Mario and Luigi are just a couple of plumbers trying to make ends meet in Brooklyn. When Luigi meets the love of his life, Daisy, only to have her taken through an interdimensional portal to Dinohattan the bros follow after her. Can they stop King Koopa from merging the dinosaur and human worlds (and find love) before it’s too late? Find out in… Super Mario Bros.
How?! In the midst of a string of kidnappings of women, two Brooklyn plumbers, Mario and Luigi, are just trying to get by. When a beautiful researcher, Daisy, who is excavating some strange fossils in a local construction site catches Luigi’s eye things seem like they are looking up. That is until she is becomes the next victim of the kidnappers. Even weirder is that Mario and Luigi witness Daisy getting dragged through what looks like a solid rock wall, but in actuality is a portal to another dimension (oooooooo). Luckily they grab Daisy’s necklace before she is dragged through because it turns out to be the key to everything (more on that later). Refusing to lose his chance at totally smooching this pretty lady, Luigi jumps in right after and Mario is not far behind. They find themselves in Dinohattan, an alternate dimension where the dinosaurs never went extinct, but instead evolved into intelligent humanoids themselves. This realm is ruled by the eeevil King Koopa, who needs Daisy’s necklace in order to make complete the meteorite that split the dimensions millions of years ago. By completing the meteorite he will merge the two dimensions and he can use his advanced deevolution technology to take over the world (bwawawawa). Hearing that the plumbers have the necklace, Koopa puts out an APB. Before they can be arrested, though, they are mugged and the necklace is taken. Once arrested, they are told the entire intricate MacGuffin-centric plan but totes escape before Koopa can do anything about it. Ending up in the wasteland they are helped by some of Koopa’s toadies (and now defectors) to get back into the city and locate the necklace. Almost immediately after getting it back, though, Koopa’s lady love Lena gets the necklace and decides that actually she wants to rule the world and goes off to use it on the meteorite. Mario and Luigi decide it’s time to rescue Daisy (and all the other kidnapped girls) and infiltrate Koopa’s building and take everyone out like the Super Mario Bros that they are. Once outside Mario confronts Koopa, while Luigi and Daisy confront Lena, who immediately is killed when she attempts to merge the dimensions. While the dimensions are briefly merged Koopa deevolves Mario’s biggest rival into a chimpanzee before Luigi and Daisy remove the necklace and Koopa is dispatched. Dinohattan rejoices, Daisy’s dad is reevolved from a fungus into a humanoid by unknown means, and Luigi and Mario return to their own dimension. Luigi is real bummed because he doesn’t get to smooch Daisy, but is surprised when she returns to let them know about their next great adventure in the sequel. THE END… or is it? (it is). Believe it or not this is me being brief… the plot is a disaster.
Why?! Major MacGuffin Alert over here. In fact, I’m going to call it right now. This is the best MacGuffin in the history of BMT. I’d have to go back through all our films to confirm it, but the Meteorite Necklace is kind of a perfect level of stupidity. You see, King Koopa really wants this Meteorite Necklace that Princess Daisy has. Why? Because it’s part of the meteorite that sent the dinosaurs into an alternate dimension. By putting the meteorite back together he’ll be able to merge dimensions because… why not. Obviously that would be the case. But that’s not all. Even if he had the piece of the meteorite he wouldn’t be able to merge the dimensions. Why? Because only Princess Daisy would be able to do that and survive the power surge (?). Again… why? I literally have no idea. Because it was laid down in an ancient scroll probably. Or maybe… like Princess Daisy’s mom was actually human and so she’s the offspring of both dimensions and thus can bridge the gap… I just made that up, but good enough for me. Everyone else is motivated by love (awwwww).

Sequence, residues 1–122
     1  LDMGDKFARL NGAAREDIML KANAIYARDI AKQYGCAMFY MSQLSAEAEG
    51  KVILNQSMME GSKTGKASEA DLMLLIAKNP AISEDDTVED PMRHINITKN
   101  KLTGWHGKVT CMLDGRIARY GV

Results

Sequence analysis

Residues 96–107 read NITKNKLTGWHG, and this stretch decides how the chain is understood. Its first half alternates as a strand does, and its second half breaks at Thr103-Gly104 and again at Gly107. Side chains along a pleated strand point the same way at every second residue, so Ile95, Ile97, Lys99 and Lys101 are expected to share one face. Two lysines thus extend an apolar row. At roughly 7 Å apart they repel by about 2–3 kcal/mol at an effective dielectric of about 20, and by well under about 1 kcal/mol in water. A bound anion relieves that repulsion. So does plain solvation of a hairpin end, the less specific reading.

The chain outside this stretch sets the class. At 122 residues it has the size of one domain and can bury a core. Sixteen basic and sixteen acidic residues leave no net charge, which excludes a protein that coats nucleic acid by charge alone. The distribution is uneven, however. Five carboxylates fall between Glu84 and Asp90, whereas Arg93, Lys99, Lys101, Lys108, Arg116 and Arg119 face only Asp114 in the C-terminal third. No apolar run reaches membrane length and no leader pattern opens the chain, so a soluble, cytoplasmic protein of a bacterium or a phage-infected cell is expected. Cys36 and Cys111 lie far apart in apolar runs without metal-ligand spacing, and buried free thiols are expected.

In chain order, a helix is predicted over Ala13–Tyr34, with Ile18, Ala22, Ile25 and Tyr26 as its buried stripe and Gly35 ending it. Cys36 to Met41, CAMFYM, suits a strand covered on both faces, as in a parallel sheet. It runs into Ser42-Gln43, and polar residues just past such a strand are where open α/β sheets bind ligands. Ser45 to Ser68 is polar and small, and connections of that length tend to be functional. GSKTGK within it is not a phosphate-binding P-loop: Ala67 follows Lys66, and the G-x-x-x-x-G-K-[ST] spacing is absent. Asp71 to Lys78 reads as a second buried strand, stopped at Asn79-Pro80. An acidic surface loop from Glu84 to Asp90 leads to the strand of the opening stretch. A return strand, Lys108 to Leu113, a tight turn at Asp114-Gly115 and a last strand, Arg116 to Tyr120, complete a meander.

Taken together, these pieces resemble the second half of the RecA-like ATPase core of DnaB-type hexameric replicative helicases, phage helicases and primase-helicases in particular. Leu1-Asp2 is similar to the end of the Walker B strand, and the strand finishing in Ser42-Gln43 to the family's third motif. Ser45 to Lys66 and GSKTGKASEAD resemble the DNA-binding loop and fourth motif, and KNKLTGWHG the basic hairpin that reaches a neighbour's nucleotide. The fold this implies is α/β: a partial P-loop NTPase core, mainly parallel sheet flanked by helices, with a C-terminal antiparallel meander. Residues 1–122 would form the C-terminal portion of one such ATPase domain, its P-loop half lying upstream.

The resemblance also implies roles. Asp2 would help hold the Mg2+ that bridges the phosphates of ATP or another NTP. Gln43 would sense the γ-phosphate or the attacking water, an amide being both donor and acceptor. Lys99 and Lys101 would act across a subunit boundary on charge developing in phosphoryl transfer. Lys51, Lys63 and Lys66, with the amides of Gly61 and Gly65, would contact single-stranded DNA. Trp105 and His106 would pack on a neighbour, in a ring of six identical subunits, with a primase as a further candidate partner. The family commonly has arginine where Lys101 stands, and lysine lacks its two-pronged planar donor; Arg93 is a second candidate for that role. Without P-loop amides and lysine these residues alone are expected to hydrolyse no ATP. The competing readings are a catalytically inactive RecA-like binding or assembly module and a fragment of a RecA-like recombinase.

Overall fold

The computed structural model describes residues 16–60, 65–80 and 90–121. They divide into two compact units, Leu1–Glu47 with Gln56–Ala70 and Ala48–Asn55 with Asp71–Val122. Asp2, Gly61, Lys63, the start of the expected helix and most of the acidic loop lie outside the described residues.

Who?! Weird musician-turned-actor in this as Toad was played by a guy by the name of Mojo Nixon, a psychobilly musician who’s heyday was in the early 90’s. He appeared a few films around this time… in fact this isn’t the first film we’ve seen him in. He was also in Car 54, Where Are You? I should also mention that Lance Henriksen has a very brief cameo as the Mushroom King after he is reevolved back into a… mushroom human, I guess. Never a real explanation why he even reevolves either. It just kinda happens at the end.
What?! Again, one of the greatest product placements in BMT history. So good that I remember being puzzled by it even when I watched this film as a child. In the climactic scene where the Super Mario Bros take out Koopa with a Bob-omb we get a very clear shot of the bottom of the bomb’s feet… which for no explainable reason are emblazoned with the Reebok logo. Magnifique.
Where?! Brooklyn, baby. In both dimensions Brooklyn/NYC exists and plays a prominent role in the action. The best part is that they actually give some pretty clear details of Dinohattan and the world that it exists in. Apparently it’s a small inhabitable city surrounded on all sides by a wasteland that covers the rest of the planet… which is exactly how Patrick and I describe the Z-Universe in our ongoing Bad Movie Twins saga. Great minds. A-.
When?! My guess is that this is actually identifiable given that there are a number of prop newspapers with news stories regarding the missing Brooklyn girls. I just couldn’t catch a clear glimpse of a date on them, but they exist. I just need to scour the dark web for some of those sweet sweet props. F.